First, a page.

How to Look Rich Without Having Much Money


Before you hunt me down with your pitchforks and fiery torches (I honestly can't wait to read the comments on this one), let me tell you that I understand the inherent vanity involved in the pursuit of this goal. While I'm not trying to convince Wise Bread readers to be disingenuous, I do recognize that there are plenty of people out there who want to claim their piece of the not-so-humble pie even though they don't have the greenbacks to buy it. Thus, this is for them — my ballers-on-a-budget brethren.

With that disclaimer out of the way, let's all learn how to look rich without having much money.

Be a Student of the Rich

Rich folks aren't elusive creatures that you'll only capture in their natural environment while gazing from afar. Nope, they're all around us, and if you want to be perceived as someone who runs with the elite, learn how to act, dress, and talk like them.

"Study them," agrees Los Angeles realtor, coach, speaker and writer Chantay Bridges. "When a man wears a suit, do they always have cufflinks? A tie clip? How is their handkerchief folded? After you do your homework, do what they do."

Follow the Money Trail

A great way to look like you're a baller and also hang out with actual ballers is to follow the wealthy to the places they party, relax, and retreat. Go to fancy restaurants, pop into the most popular bars and clubs, and schedule your weekends around recreational activities that beckon the Benjamins. But be wise: Remember that you don't have much money; this isn't about keeping up with the Joneses but rather giving the impression that you're one of them. Order inexpensive apps at that fancy restaurant, sip a "mocktail" at the club, and just hang around looking fabulous and aloof (rich people always seem very aloof to me) at those recreational activities without whipping out your wallet.

"Pretending to be rich is very easy," claims Tanner Agar, founder and CEO of The Chef Shelf, and works with chefs and restaurants to take their signature recipes and create retail products. "Business people come into expensive bars all the time, ones the junior members can't afford. If you want to look rich, tell the bartender you're sober but need to fit in. The bartender can pour you carbonated soda and lime all night long. No one knows, you don't get charged, and you can drive home."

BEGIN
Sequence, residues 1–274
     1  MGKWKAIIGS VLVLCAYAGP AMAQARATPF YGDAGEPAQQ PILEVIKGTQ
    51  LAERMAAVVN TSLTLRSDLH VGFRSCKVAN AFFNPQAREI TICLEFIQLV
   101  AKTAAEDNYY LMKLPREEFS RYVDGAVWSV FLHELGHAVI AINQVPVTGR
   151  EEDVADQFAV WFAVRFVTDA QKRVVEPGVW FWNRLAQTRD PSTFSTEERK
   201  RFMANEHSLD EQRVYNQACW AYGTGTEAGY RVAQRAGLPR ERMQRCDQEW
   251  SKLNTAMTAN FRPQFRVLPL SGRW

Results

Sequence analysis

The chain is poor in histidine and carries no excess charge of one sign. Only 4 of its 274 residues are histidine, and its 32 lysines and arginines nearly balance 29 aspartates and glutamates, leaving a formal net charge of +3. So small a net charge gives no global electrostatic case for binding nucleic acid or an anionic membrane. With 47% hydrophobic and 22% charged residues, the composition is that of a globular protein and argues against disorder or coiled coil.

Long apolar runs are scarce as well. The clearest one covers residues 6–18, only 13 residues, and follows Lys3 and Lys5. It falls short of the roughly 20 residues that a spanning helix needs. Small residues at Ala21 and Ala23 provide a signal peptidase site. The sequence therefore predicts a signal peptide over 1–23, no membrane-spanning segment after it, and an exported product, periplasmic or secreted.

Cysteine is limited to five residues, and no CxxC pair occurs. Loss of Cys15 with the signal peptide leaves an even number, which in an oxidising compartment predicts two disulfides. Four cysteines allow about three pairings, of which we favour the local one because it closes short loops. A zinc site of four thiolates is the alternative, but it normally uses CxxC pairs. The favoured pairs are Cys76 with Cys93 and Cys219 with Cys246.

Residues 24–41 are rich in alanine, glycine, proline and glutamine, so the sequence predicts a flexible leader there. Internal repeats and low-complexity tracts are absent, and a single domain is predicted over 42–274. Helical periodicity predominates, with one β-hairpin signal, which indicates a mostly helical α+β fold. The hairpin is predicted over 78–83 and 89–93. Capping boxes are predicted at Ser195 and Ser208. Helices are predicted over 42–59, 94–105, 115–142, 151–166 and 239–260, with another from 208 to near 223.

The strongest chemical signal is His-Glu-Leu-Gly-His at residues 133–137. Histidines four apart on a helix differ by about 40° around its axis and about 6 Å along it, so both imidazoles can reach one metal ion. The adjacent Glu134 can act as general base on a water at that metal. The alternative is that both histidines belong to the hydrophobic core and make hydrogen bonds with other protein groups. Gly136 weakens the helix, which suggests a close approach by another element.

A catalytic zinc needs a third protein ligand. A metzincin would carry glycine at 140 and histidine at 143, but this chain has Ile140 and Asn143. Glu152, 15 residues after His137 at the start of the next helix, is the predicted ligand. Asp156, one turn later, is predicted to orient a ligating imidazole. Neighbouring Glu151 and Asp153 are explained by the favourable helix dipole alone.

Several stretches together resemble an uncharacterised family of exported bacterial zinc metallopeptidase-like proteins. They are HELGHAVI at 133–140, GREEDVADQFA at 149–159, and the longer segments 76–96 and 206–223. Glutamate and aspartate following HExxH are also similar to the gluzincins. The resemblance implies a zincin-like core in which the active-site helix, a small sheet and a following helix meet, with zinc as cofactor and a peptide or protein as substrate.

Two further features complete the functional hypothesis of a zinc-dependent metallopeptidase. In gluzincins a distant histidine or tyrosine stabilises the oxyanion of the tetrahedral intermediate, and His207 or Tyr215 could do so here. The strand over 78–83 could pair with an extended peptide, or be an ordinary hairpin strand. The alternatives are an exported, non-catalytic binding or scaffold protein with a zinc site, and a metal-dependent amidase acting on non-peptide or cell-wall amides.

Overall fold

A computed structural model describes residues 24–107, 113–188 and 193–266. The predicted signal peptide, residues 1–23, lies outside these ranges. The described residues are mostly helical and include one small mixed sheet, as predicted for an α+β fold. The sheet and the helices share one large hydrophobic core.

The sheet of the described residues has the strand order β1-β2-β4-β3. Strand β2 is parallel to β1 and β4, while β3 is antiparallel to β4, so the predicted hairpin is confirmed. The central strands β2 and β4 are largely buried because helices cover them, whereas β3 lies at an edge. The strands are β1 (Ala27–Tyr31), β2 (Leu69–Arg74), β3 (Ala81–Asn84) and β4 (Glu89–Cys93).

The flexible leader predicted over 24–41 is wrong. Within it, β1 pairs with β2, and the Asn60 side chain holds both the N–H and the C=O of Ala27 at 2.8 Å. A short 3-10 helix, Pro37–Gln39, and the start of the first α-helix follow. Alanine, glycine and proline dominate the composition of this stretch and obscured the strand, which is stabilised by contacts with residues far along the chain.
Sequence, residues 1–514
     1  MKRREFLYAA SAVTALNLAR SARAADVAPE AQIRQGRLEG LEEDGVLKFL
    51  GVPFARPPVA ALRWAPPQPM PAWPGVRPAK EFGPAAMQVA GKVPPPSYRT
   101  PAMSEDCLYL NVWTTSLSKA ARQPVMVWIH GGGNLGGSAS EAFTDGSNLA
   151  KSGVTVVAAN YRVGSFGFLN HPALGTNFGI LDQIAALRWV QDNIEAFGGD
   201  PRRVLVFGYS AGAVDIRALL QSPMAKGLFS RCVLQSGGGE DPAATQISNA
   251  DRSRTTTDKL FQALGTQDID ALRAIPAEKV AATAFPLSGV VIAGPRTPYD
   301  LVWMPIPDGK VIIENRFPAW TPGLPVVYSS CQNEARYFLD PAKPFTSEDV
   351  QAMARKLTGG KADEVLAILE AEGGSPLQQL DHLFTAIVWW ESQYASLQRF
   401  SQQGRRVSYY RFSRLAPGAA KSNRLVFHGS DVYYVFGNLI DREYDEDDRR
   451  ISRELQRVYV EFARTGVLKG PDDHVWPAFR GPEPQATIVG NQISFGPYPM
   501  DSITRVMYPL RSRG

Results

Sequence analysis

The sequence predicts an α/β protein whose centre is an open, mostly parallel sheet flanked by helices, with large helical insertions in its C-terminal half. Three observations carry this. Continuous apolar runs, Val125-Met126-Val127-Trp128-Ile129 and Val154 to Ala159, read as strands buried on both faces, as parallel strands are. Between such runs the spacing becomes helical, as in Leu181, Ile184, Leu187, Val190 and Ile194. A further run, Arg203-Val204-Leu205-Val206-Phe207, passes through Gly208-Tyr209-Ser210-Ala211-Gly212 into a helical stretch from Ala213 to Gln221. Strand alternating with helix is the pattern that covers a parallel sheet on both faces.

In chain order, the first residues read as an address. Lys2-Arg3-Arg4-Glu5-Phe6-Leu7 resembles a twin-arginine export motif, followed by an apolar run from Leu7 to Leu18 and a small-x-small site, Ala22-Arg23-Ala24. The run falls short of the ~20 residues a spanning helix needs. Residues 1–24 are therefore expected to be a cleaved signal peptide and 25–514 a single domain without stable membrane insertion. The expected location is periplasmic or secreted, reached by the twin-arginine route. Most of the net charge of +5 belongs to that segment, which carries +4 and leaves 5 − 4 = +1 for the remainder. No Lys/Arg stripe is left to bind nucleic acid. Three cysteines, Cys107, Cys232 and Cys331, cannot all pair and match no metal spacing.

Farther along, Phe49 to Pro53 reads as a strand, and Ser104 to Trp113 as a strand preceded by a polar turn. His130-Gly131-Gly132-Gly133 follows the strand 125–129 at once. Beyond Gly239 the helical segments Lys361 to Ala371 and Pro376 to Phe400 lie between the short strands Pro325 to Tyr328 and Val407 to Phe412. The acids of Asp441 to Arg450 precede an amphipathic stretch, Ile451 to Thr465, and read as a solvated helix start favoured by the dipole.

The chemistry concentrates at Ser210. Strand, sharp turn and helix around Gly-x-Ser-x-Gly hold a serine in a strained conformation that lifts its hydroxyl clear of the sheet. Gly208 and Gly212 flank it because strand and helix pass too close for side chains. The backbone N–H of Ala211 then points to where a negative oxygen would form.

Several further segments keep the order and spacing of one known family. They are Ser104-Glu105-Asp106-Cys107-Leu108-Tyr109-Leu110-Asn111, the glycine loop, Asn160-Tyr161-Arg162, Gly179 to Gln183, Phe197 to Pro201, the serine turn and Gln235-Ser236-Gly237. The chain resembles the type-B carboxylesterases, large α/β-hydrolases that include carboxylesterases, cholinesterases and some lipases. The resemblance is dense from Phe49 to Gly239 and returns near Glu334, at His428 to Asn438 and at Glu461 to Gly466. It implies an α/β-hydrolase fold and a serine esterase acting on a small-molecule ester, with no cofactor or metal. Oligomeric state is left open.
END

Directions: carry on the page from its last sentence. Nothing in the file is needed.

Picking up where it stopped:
Refine Your Look

You don't have to wear designer duds to look like you're well off. Instead, work with what you have and tighten it up. Dress a bit more professional and preppy — on weekdays as well as weekends — to present a put-together image at all times. You can still get casual, but your clothes should always be clean, well fitted, and contemporary. This means, unfortunately, that your days of going to the supermarket in sweatpants are over. That's just one of the (fake) prices you'll have pay if you want to be (fake) rich.

Solicit Advice From Friends

Everybody has a different idea of what it means to look and act rich. Query your friends to find out their take on the characteristics of wealthy people and choose the ones that are within your means and that you think are worth pursuing.

Become Friends With Wealthier People

Want to rub elbows with the deep-pocketed? Make rich friends.

That's easier said than done, but if you're hanging out where rich people hang out, you're bound to hit it off with somebody sometime. A word of caution, however: Don't pretend like you're loaded if your newfound friendship starts to turn into something genuine. Your secret will come out sooner or later, so I recommend being yourself from the get go. If your personalities truly click, your financial status won't matter to the rich person — some of them, at least. If they discover that you're a phony, you'll be dropped like a bad habit. Conversely, if you're you from the start, you can build a real relationship with that rich person — and hopefully enjoy some of the perks that come along with it.

Rent Designer Accessories

If the trendiest, hottest designer labels are a must-have for you, renting your clothing and accessories is an option. I don't highly recommend this practice because even the rental prices are steep (we're talking high fashion here), but if you think the tag on your clothing will gain you access to the inner circle you can go this route. Katie Brewer, certified financial planner and founder of Your Richest Life, suggests, but other sites include Rent the Runway and Leading Luxury.

Keep It Clean — From Head to Toe

Always keep your footwear well maintained and polished," advises Albert Goldson, executive Director of an NYC-based boutique firm that provides entrepreneurs and startups the cross-cultural tools to conduct business with firms worldwide. "It's amazing the positive impression people have of people with good looking footwear regardless of the brand." Of course, this applies to everything you're wearing — from your watch to your wallet.

Even still, it's important to think beyond the clothes and accessories. Personal hygiene is critical (whether you're trying to look rich or not, by the way), which means that you should keep your hair trimmed and neat, nails buffed and polished, and teeth fresh and sparkling.

Find a Good Tailor